Elimination rate constant

Elimination rate constant

In most drug elimination systems, elimination is a fixed percentage over time. Therefore the change in plasma concentration per time (dC/dt) is directly proportional to the plasma concentration C. This is sometimes called either concentration dependent or first order kinetics. The proportionality constant kel is called the elimination rate constant. If this differential equation is integrated the following formula is obtained, allowing us to calculate the concentration of a drug at any time.

Ct = Co × e -k(t)


Often clinicians simplify things by determining the half-life of a drug instead of k. This is possible because the relationship between plasma concentration and time is exponential. If one places drug concentrations on a log-scale, a straight line with slope -k is obtained as seen in the graph below. This gives us the following relationship kel = 0,693 / t½.

See here how half-life (and Vd, dose interval and dose size) influence the concentration over time.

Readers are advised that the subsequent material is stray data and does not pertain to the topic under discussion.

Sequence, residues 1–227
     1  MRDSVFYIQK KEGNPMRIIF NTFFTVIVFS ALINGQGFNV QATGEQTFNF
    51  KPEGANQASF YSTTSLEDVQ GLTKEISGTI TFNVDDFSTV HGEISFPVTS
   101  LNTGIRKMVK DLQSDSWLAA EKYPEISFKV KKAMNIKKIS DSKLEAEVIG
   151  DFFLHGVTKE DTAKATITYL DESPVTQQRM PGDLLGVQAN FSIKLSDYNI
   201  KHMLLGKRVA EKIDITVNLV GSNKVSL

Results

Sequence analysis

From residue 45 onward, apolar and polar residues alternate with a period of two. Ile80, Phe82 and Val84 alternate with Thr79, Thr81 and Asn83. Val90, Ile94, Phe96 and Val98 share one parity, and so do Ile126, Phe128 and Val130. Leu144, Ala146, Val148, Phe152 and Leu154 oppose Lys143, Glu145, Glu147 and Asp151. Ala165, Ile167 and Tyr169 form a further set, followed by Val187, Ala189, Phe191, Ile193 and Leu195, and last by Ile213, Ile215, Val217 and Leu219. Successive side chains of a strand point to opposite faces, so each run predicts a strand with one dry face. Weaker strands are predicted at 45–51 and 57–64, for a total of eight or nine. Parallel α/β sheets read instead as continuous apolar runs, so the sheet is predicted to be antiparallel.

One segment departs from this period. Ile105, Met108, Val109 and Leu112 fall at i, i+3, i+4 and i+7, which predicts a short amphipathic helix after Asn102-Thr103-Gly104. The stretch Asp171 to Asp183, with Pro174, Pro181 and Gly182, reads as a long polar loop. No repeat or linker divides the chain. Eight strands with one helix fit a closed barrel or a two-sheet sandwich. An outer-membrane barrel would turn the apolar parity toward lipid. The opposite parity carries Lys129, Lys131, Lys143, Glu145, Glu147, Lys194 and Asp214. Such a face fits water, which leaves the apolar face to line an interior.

MDMA is a well-known party drug (ecstasy). The half-life time of MDMA is 7 hours. A patient is seen in the Emergency Room in a comatose state. After a laboratory test the plasma concentration of MDMA is 0.6 mg/L. After how many hours is the plasma concentration of MDMA reduced to 0.15 μg/L? (Assume linear kinetics).


A patient with TIAs and hypertension is treated with enalapril (ACE-inhibitor) in an oral daily dose of 10 mg. The patient forgets to take his medication. The half-life (t½) of enalapril is 11 hours and this drug is eliminated at a fixed fraction per unit time. What percentage of the original amount of enalapril is left after 2 days?